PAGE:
When should you consider a power of attorney?
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When should you consider a power of attorney?

On Behalf of | May 11, 2018 | Elder Law, Estate Planning |

There can be a lot to take into consideration when you are creating an estate plan. There are lots of moving parts. One thing that can be overlooked is considering appointing a power of attorney.

In Texas, the most common type of a power of attorney is called a durable power of attorney.

This designation allows someone to make financial and other personal decisions on your behalf. A durable power of attorney applies to any mental or physical incapacity.

There are many ways in which having a power of attorney can be helpful. There are certain scenarios in which it could be particularly important to have such a document. Of course, you should always consider the specifics of your own situation.

Facing a long-term illness

If you or a loved one is facing a long-term illness, it can be a good idea to have someone trustworthy designated with power of attorney.

This way, medical decisions can be resolved in a timely manner, and the person affected can remain on the best treatment plan.

Power of attorney privileges can be as broad or specific as the person wants. They can apply to only medical decisions or encompass more aspects of life.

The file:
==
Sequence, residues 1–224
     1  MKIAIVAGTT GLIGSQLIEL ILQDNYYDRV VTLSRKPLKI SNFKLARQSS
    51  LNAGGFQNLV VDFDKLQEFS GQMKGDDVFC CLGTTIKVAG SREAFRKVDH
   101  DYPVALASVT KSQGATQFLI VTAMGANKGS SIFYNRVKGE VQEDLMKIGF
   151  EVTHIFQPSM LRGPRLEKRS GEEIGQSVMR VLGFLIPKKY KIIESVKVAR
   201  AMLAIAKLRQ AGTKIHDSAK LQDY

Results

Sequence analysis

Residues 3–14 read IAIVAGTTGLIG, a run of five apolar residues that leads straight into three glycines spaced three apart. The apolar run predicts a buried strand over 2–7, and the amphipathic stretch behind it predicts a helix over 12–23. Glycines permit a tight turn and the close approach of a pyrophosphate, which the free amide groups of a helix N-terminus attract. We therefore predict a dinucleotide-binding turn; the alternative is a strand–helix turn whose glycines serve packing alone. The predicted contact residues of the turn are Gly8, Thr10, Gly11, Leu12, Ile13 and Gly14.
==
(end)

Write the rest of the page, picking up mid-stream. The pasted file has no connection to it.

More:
An Alzheimer’s disease diagnosis

If a family member has Alzheimer’s disease, designating someone with power of attorney could make things easier. This person could help ensure the individual with the disease receives the help and care they need on their journey.

A person with this designation can authorize certain financial transactions to ensure high-quality care.

They can also help with unresolved financial details if the principal is no longer able to make these decisions.

Long trips or vacations

Before you travel through Europe, you may want to appoint a power of attorney. If you invest in things like short-term stock portfolios, this can be a good idea.

The same goes for anything of high value you’re trying to sell but can’t be there in person. Appointing someone to oversee the selling of large items while out of the country could give you peace of mind.

Setting up a power of attorney doesn’t make someone powerless to make their own decisions. Rather, it can help everything go smoothly should there be a time when they are unable to make certain decisions.

If you have questions about appointing a power of attorney or estate planning in general, an attorney specializing in elder law can help.


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